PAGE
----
The lady replied, “Those who gained my wrath usually did not survive.”

“Which is one way they probably realized that you were truly evil.  That sword through you seems to really hurt.”

“It will come out, and when it does you will be in trouble.”

Those words did trouble me.  I then realized a basic fact.  While I felt it was an answer, I also understood my situation.  Up to now the wind had not affected me, and I really was not certain as to why.  Something about being low to the floor comforted me, but I really did not understand.  It troubled me that in attempting to keep the lady’s focus on me, I could actually be setting myself up for serious trouble.

I then recognized the reason for the glass covering.  While it did display the humiliated state of the one that had sought ultimate authority, it also had a more practical purpose.  Set upon the smooth floor, an actual air tight container had been created.  While possibly not a perfect seal, the glass covering provided enough of a limited environment to restrict the elemental power the lady was displaying.

She again started to look around, so I yelled out, “Nassenor, are you still wanting this sword?”

The man screamed back, “If you think we need to leave it in place, I will understand, Vernallor!”

I put strength in my voice as I said, “Those with me are just as committed as those who put you in your predicament.  I doubt you have a chance.”

Melarintha replied, “Don’t think I will trust you half as much as I trusted them.”

“Why are you way out here?  Why did you erect this place way out in the middle of this mountain range?”

“Nortelact turned the fight from any civilization.  He realized the powers that were at play, and wanted them away from the people.  Mountains, well, I really do not know why he had us enter the mountains.”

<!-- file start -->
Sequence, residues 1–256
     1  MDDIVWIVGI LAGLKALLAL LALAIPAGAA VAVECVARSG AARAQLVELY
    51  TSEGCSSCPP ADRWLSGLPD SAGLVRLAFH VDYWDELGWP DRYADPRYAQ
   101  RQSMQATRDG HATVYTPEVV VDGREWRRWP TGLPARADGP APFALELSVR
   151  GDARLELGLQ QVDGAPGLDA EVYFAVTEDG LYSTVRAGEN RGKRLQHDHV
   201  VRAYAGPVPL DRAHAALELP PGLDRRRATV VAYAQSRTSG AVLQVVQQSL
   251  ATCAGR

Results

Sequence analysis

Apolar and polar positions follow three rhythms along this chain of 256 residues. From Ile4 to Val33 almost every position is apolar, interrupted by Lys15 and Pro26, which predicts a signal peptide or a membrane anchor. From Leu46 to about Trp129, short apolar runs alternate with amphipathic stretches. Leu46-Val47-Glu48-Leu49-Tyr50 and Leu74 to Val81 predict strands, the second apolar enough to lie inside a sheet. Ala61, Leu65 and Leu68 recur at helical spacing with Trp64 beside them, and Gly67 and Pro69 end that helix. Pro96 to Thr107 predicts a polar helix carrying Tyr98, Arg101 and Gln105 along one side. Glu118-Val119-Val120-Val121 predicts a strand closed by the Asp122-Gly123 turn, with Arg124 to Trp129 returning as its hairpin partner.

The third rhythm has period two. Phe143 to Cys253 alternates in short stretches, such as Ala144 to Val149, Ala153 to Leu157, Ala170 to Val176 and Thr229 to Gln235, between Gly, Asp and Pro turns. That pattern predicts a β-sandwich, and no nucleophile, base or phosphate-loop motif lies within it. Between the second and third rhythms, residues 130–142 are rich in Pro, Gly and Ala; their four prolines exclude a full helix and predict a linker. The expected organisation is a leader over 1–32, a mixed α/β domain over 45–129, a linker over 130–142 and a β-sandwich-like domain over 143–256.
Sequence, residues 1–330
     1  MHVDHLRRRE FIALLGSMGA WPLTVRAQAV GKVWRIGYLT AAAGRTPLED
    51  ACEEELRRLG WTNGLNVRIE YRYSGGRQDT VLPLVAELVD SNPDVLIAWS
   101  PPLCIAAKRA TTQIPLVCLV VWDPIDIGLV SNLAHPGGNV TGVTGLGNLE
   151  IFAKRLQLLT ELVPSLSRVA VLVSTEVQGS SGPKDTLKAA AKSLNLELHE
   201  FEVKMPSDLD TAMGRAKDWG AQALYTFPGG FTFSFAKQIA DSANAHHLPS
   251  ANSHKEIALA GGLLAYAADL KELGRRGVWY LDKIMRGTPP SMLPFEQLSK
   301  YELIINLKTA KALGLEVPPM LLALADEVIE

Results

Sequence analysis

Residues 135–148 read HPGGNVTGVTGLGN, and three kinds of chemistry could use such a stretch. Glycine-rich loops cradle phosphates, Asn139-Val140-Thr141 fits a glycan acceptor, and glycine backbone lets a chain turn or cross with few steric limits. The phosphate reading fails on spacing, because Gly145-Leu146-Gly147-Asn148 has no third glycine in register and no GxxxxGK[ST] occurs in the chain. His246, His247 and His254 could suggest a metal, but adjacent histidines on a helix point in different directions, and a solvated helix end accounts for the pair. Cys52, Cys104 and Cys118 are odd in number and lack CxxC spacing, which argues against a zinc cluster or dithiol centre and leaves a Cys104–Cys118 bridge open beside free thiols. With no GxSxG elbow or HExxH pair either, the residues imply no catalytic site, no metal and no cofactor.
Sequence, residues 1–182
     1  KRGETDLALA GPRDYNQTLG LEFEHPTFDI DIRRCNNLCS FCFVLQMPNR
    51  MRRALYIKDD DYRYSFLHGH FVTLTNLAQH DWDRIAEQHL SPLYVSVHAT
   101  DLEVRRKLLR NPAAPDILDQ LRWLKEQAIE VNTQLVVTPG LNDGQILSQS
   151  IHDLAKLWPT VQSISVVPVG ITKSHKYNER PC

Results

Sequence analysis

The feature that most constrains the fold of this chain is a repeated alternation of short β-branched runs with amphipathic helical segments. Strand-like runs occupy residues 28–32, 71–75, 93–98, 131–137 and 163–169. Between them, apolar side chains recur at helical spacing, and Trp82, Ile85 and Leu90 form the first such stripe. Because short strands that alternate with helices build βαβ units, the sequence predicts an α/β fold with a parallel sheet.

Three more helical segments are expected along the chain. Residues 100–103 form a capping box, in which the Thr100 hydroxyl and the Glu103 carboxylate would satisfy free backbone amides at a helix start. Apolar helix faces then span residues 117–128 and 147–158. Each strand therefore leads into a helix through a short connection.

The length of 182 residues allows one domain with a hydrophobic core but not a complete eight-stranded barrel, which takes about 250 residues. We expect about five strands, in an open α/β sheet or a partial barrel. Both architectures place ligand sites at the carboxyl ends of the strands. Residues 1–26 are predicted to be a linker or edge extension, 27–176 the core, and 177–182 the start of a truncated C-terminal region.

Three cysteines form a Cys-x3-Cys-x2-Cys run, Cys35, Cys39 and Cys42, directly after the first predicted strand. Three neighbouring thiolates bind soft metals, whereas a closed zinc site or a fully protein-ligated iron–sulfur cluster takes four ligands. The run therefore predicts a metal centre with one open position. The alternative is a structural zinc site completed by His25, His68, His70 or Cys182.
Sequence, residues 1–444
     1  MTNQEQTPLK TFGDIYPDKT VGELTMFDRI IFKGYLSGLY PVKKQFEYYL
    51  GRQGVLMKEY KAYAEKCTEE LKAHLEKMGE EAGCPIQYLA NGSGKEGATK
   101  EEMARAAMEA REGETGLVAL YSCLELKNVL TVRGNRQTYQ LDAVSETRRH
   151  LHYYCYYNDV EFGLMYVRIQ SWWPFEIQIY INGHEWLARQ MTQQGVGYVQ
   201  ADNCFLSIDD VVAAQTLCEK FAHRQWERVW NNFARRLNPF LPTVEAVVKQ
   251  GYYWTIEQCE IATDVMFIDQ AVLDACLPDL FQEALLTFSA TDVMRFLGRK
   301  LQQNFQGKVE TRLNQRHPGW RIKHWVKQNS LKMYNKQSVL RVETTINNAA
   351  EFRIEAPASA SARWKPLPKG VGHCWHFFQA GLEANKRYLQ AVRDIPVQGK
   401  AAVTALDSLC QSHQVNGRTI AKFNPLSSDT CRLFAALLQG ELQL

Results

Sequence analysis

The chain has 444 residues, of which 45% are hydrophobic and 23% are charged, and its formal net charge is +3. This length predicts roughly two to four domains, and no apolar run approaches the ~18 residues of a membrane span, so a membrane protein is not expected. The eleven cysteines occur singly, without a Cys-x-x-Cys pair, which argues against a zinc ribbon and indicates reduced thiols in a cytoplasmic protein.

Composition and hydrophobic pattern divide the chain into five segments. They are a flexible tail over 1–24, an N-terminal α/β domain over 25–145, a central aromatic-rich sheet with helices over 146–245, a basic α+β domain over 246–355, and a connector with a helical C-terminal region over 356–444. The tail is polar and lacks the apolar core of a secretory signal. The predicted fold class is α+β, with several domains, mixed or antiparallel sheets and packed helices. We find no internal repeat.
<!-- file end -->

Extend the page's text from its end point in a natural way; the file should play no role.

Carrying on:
She did not know it, and I certainly did not say anything, but I had gained another answer.  I had wondered how Melarintha was present.  Neslare had gone off to become the wife of Nortelact.  There was no mention of family going with the lady.  In fact, the reason for the elephant being so heavily warded was due to the young lady needing to travel by herself.  In putting together her coup, Melarintha had followed in some manner.  Glad to know another truth, I sought to determine the way to end the predicament.

“Orintious, are you having problems with the demon?”

“No!” I barely heard my oldest surviving over the gale.  “Not pleasant in here, but not worried about the demon.”

“She is pulling her power from the creature.  If you see a way to kill it, go ahead!”

“Sounds like something for me consider doing!”

Melarintha said, “The demon is not my only source of power.”

“I really do not want to kill Veskagren.  It is a good, loyal animal.  It probably does need to be released, but that will trouble me a lot more than what I am going to have to do to you.”

“It’s just a stupid animal.”

There was an urge to repeat the ‘good, loyal’ part of my earlier statement, but I felt the words would be wasted.  That had me consider what I actually considered useful.  Recognizing that I needed to start being effective, I mentally worked to consider what facts I still needed to bring an end to the situation.  Reminding myself that I had actually come up with an answer, my next thought was how to bring it into action.  There was an urge to simply act, but I again told myself that I needed to assure that what I did would be correct.

I said, “I will actually take your word on this.  How honorable of a burial did you give Nortelact and Neslare?”

Melarintha admitted, “I let those with me do what they felt was right.  It was an expense, but I felt it would be useful.  I could have gone into town, but I wanted to be in charge when I did so.  I let them call out the priest, intending to use the man to give me a proper coronation.”

“He is probably one of those who recognized your evil nature.”

“He is the one that supplied the sword, so I believe the same.  The blade was supposed to be only some historic relic, which I felt was proper for my coronation.”

I had to ask, “Did you love Nortelact?”

“No, and he definitely proved himself too honorable and good to have been a good man for me.  I actually wanted an old man, someone I could watch die.”

“For your information, the history books also said that Nortelact was too idealistic.  It seemed that a number felt he just did not have what was needed to rule.  I am assuming you had a number of people claiming to support your rise to power.”

“I was young and foolish then.  Not going to let that many people so close to me, and none close enough to do what they did.”

I smiled as I said, “I’ve been here the whole time.”

“So you have.”

“Time for me to make my move.”

“I was thinking the same.”

And the final play is made.